Cybersecurity: military, data, smart devices

The Dutch authorities reported that in 2023, hackers supported by the Chinese government infiltrated their military network. Cyber spies place malware in the armed forces’ network, which is used, among others, for classified research. The attack occurred in the atmosphere of a dispute between the Netherlands and China, including because of the Dutch ASML – the only company in the world producing lithography machines needed for the production of semiconductors, enforcing the US ban on the export of technologically advanced machines to China.

According to researchers from Cornell University, the frequency of cyberattacks on scientific institutions has increased since 2015. In their opinion, research and educational data are the “main target of criminals”, and the most common form of attack is blocking access to the system or data until a ransom is paid. According to a survey by IBM, only 40% of organisations require system users to verify their identity using multi-factor authentication regularly.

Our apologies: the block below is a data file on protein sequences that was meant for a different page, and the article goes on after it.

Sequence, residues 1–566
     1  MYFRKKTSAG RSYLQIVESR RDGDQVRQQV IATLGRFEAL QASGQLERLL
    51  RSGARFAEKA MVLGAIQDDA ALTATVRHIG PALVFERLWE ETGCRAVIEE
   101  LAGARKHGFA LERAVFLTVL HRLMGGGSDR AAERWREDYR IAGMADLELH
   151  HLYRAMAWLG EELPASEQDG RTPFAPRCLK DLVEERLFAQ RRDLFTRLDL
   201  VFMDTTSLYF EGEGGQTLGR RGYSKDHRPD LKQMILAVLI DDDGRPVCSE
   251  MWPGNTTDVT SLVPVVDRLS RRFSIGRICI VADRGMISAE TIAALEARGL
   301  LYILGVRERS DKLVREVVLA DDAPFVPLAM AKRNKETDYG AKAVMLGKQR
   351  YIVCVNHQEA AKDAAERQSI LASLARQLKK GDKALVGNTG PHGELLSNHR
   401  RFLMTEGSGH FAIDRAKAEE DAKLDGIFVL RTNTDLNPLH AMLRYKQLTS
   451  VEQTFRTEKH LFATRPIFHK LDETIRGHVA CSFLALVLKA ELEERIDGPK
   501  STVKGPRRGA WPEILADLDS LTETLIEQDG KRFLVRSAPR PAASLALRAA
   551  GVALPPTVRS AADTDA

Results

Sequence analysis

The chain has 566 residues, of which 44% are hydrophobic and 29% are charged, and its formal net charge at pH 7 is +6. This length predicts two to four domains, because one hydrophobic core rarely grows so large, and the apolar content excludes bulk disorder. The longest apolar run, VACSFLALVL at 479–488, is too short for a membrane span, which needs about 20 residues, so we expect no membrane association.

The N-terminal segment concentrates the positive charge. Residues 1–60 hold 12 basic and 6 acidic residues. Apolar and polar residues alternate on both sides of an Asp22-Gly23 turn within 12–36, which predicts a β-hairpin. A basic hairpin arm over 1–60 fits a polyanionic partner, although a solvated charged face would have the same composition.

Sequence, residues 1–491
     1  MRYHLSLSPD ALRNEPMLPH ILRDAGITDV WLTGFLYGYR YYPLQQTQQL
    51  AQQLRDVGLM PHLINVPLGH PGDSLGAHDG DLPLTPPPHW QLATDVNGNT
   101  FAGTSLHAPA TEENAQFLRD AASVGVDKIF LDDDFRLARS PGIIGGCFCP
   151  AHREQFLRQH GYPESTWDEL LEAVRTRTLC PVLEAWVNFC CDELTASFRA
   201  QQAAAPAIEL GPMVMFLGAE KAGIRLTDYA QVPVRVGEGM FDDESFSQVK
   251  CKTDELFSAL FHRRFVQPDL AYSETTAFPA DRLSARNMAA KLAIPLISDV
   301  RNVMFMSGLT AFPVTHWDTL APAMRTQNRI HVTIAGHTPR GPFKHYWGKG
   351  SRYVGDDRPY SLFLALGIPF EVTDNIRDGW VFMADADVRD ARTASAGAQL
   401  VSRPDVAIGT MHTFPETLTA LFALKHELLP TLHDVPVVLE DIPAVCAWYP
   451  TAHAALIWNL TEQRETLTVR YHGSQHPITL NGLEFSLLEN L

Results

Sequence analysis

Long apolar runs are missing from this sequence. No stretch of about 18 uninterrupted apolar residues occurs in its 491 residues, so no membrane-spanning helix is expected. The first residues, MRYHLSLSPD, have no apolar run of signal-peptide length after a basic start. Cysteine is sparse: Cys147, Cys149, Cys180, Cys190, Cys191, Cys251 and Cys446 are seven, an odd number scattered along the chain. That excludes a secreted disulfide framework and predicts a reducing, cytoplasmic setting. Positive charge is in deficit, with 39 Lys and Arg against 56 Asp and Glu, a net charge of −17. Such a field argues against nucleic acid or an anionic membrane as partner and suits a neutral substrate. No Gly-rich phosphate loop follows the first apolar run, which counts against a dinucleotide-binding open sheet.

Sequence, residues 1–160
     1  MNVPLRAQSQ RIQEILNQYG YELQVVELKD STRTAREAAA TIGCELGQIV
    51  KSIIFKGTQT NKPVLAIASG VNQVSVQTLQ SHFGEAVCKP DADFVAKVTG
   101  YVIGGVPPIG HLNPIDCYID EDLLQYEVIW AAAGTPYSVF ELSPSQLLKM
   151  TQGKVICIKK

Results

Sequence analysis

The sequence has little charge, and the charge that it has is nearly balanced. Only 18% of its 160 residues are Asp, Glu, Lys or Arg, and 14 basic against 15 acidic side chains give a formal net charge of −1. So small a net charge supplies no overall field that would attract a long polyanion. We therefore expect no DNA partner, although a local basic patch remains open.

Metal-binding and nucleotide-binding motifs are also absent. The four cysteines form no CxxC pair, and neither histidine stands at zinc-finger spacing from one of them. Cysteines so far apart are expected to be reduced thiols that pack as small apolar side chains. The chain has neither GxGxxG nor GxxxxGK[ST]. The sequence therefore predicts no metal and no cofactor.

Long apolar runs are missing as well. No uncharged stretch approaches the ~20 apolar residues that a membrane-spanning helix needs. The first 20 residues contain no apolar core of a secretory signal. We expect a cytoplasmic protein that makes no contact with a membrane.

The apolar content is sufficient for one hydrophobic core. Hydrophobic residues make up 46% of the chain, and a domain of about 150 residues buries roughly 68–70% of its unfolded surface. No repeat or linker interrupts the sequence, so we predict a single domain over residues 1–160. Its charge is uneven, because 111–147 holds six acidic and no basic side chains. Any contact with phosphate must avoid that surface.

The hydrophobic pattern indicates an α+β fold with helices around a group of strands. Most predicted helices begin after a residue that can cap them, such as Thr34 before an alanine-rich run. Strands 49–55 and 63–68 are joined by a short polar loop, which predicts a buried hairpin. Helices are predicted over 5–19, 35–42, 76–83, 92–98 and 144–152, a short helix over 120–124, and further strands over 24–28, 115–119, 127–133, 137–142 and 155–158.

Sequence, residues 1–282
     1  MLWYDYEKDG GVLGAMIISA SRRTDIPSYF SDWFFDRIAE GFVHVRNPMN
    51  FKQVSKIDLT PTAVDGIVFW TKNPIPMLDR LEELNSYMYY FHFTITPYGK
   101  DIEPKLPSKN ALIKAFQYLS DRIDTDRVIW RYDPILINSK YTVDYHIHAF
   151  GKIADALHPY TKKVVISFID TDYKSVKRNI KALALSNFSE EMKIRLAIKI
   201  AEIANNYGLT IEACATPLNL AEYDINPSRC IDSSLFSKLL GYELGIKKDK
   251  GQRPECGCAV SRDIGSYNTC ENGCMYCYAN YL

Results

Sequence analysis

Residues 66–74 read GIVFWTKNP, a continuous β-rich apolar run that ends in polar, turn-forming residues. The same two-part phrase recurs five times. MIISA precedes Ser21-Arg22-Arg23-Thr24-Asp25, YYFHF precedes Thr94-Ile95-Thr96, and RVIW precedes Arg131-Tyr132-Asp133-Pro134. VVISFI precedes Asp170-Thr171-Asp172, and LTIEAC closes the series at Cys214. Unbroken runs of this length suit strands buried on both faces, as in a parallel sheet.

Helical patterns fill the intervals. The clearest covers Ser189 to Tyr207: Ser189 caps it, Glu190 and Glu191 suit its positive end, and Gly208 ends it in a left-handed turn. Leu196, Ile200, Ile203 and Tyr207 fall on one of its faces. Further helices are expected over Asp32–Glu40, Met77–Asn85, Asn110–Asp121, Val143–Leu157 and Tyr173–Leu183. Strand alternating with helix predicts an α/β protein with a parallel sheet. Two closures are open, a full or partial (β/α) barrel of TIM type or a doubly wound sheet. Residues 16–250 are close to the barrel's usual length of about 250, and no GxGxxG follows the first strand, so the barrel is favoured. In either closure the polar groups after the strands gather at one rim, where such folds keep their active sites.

Researchers warn that even toothbrushes may be tools for a mass cyber attack. Although this is only a hypothetical scenario, smart devices connected to the Internet can be connected to a so-called botnet, enabling distributed attacks that overload websites and servers with high Internet traffic. “Any device connected to the Internet is a potential target or can be used for an attack,” says Stefan Züger, director of systems technology at Swiss company Fortinet.

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